Table 5Overview of the Weather Research and Forecasting (WRF) Model configuration.

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The simulated temperature and precipitation data were extracted at the location of each of the five glacier forelands (Fig. 1). These are the centres of the respective sites and represent the corresponding glacier foreland. In addition, a corresponding elevation correction of the climate data was applied for temperature.

For the analysis, we used the mean annual air temperature (2 m above ground), as well as the corresponding trends and the mean number of ice days (days with maximum temperature <0 °C). In addition, the number of warm air inflows from October to May was determined in order to identify corresponding snowmelt processes at the sites. A warm air inflow is defined as a period of at least 3 d in which more than 70 % is above 0 °C, following a previously colder period of 5 d (100 % below 0 °C). In addition, the precipitation patterns were analysed. For this purpose, the mean annual precipitation totals, the mean annual winter (October to May), and the mean annual summer precipitation totals (June to September), as well as the corresponding trends, were determined in order to identify seasonal changes. Furthermore, various continuing classes (4 mm for 1 h resolution and 10 mm classes for daily totals) were used to analyse corresponding changes in individual extreme events and daily precipitation totals. Individual precipitation events were defined as one event, regardless of length, if they were contiguous throughout and were separated if there was no precipitation for at least 1 h. To minimise the noise generated in the data, both data sets were also filtered for extremely small events by changing the values from <0.01 to 0 mm. The calculation of the mean annual winter precipitation was always carried out over the entire winter. For example, for the winter of 1953, data from October 1952 to May 1953 was included. The average summer precipitation was calculated accordingly from June 1953 to September 1953. Furthermore, precipitation was differentiated into snow and rain events. The determination of a threshold to distinguish rain from snowfall is very dynamic in mountainous regions and difficult to estimate. However, the difference between rain to snow depends mainly on surface air temperature, as well as air humidity, with snow occurring mainly between 0 and 3 °C (Froidurot et al., 2014), and the lower the humidity, the higher the probability of snowfall will be. In this study, the threshold from rain to snow was defined at ≤0 °C, as rain is almost excluded below this temperature (Froidurot et al., 2014; Fehlmann et al., 2018).

4 Results

4.1 Sediment-contributing-area approach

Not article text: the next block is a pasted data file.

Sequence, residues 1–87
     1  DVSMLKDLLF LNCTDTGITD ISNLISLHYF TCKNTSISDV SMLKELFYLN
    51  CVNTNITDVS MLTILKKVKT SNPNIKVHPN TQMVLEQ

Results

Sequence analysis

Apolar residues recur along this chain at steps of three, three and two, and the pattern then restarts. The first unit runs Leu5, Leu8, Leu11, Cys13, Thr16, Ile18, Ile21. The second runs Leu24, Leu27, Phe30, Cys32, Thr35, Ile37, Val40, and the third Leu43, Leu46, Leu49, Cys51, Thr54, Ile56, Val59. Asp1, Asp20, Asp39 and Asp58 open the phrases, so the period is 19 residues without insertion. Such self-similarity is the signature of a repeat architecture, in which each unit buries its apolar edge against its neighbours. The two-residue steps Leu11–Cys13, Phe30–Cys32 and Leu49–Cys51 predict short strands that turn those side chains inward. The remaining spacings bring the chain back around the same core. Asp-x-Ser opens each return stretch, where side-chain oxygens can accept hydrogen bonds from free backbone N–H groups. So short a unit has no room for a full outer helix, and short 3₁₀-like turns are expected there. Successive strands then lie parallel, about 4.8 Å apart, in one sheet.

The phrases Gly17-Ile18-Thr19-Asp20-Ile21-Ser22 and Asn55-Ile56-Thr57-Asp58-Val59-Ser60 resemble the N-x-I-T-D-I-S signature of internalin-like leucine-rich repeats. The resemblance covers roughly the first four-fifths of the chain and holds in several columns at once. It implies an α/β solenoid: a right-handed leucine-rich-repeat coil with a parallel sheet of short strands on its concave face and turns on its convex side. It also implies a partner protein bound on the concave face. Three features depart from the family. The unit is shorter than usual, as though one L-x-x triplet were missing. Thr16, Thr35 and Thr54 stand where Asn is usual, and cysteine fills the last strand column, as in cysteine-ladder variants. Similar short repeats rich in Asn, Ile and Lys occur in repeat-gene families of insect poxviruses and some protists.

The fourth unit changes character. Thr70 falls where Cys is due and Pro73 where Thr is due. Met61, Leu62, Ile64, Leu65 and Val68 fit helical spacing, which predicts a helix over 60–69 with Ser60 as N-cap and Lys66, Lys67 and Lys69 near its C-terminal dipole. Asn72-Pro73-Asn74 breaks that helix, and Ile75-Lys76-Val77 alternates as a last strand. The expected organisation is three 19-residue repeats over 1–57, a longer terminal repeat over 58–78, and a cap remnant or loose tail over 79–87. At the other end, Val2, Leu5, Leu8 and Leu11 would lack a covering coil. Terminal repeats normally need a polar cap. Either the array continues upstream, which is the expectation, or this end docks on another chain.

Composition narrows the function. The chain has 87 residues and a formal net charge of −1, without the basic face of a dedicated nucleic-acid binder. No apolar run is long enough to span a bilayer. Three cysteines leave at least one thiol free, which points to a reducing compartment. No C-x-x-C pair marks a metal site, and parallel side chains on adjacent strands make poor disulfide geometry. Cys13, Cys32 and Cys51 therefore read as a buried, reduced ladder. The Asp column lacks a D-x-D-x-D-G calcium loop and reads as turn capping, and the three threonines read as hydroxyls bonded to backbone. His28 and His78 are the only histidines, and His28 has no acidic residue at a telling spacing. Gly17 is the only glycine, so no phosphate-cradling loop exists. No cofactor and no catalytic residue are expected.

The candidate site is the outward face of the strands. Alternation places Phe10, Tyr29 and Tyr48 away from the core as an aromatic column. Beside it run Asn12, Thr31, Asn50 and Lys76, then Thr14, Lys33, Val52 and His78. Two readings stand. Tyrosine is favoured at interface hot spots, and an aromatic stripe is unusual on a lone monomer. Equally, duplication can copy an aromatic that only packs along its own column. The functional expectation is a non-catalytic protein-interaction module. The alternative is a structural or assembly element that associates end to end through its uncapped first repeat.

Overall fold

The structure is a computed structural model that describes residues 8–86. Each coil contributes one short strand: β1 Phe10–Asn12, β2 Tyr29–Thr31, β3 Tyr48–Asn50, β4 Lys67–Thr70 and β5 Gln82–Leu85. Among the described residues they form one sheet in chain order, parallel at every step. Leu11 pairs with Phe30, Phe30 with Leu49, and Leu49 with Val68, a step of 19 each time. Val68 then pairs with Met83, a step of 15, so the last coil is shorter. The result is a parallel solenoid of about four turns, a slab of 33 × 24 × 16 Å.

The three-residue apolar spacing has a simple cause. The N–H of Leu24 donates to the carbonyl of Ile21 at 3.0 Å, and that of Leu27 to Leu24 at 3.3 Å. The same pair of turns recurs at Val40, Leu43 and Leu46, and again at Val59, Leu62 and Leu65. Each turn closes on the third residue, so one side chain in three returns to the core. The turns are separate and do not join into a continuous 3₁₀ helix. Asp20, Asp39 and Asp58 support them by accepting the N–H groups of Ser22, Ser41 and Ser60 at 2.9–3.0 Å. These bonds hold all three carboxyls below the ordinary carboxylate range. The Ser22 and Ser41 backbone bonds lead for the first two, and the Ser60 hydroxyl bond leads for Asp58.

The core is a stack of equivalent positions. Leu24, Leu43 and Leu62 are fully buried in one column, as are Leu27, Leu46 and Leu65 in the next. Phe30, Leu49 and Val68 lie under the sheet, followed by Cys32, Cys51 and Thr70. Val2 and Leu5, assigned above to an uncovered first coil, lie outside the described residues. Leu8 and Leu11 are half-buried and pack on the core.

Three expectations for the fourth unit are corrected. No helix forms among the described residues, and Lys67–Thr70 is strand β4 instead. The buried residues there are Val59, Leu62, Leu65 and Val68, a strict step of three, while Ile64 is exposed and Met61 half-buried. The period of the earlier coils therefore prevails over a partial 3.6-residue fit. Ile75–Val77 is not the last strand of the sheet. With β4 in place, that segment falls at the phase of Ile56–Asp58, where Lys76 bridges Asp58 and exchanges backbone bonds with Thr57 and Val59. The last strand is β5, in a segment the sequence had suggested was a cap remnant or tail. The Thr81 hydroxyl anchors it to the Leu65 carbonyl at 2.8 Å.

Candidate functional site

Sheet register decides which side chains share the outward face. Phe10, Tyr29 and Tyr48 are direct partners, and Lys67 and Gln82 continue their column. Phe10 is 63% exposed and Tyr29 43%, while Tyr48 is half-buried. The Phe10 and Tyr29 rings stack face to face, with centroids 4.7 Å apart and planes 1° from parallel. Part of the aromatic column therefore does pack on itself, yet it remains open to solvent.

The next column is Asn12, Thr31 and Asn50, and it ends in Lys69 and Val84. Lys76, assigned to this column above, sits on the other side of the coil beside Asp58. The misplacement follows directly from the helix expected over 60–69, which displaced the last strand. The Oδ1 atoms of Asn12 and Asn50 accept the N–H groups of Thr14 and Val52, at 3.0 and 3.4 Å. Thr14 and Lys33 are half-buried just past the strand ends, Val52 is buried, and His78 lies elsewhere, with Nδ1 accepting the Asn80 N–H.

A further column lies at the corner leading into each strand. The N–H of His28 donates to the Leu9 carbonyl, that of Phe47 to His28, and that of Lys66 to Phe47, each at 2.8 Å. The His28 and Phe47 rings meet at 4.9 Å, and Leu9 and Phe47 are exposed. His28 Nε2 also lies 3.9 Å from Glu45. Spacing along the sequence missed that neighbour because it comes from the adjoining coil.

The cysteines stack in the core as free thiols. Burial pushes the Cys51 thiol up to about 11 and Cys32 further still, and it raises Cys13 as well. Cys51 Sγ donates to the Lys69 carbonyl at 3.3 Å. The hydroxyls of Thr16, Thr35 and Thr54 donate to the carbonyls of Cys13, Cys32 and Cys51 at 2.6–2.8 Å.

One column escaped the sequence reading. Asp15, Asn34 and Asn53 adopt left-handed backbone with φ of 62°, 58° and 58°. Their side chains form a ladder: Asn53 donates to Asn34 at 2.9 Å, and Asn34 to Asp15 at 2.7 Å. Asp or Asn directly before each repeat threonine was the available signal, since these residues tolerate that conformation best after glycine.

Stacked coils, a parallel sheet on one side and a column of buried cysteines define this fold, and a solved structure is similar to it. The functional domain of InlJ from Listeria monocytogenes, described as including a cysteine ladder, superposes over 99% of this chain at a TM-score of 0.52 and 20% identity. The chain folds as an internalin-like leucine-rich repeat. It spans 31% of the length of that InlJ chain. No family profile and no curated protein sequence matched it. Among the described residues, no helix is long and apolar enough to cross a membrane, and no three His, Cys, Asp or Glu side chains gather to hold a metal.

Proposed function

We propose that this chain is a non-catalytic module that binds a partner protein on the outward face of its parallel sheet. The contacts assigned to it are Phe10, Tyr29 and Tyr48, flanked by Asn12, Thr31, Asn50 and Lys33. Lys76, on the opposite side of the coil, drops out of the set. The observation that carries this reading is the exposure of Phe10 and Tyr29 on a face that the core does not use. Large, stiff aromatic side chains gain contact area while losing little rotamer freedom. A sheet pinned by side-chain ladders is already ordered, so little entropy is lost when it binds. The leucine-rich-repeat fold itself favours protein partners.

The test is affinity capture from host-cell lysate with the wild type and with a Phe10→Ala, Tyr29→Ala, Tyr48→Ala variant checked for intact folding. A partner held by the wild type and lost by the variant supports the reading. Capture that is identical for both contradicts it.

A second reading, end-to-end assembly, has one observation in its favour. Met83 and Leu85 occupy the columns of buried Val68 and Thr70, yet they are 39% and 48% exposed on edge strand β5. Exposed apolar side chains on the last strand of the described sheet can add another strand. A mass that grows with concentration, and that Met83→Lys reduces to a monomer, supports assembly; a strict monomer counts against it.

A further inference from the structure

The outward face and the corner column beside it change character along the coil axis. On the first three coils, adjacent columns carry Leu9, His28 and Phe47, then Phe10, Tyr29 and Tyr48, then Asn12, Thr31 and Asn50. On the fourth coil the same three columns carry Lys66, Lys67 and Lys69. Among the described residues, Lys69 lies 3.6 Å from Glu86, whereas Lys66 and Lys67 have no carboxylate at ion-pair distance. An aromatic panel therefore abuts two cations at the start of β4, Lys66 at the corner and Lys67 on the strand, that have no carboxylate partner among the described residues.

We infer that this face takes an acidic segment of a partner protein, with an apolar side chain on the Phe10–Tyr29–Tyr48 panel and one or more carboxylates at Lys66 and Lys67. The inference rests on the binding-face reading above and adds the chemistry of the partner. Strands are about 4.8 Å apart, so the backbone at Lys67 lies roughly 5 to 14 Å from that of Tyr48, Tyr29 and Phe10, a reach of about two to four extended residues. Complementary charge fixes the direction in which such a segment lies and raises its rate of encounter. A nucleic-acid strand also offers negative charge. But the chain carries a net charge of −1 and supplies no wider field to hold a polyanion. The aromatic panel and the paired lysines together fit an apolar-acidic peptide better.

All determined regression lines show a positive correlation between log mean annual sediment yield and log sediment-contributing area (Fig. 6; Appendix A), which means that sediment yield increases with the corresponding sediment-contributing area. In the following, only the median of the 100 regression lines (median slope) of all sites and time periods is used to qualitatively describe corresponding differences. Mostly, there is a decrease in sediment yield between the different time periods and a decrease in the slopes of the regression lines, which is due to a decrease in sediment yield per square metre of the sites. With regard to Sect. 3.3, a decreasing intercept together with an almost constant, although slightly decreasing, slope close to one can be seen over the different time periods in the log–log model, indicating that the relation between sediment-contributing area and sediment yield remains almost constant. The sites KG3, KG4, KM1, KM2, and KW2 show such a behaviour. On the other hand, the areas KG1, KG2, KG5, KW1, and MH2 show clearly larger differences in the time periods. In the earliest time period, the slopes considerably larger than one (in the log–log model) show polynomial behaviour, which means that in the same site an increasing sediment-contributing area provides clearly more sediment yield per square metre. In the later time periods, the slopes also tend towards one, so that the models of the different groups become similar. In addition to this general trend (10 sites), an increase in sediment yield and an increase in the slope of the regression line for site HG1 were observed, showing an increase in sediment dynamics over the time periods in this case, which is in contrast to the previous observations. Site MH1 shows a similar level of sediment yield (between the time periods) with higher slopes of the regression lines, also indicating an increase in sediment yield. Furthermore, slopes of the regression lines below 1 occur in all time periods but especially in the second and third.

Figure 6Relationships between log sediment-contributing area and log sediment yield for 100 samples of each site and the corresponding time periods. In addition, the median regression line (median slope) is represented by a slightly thicker and darker line.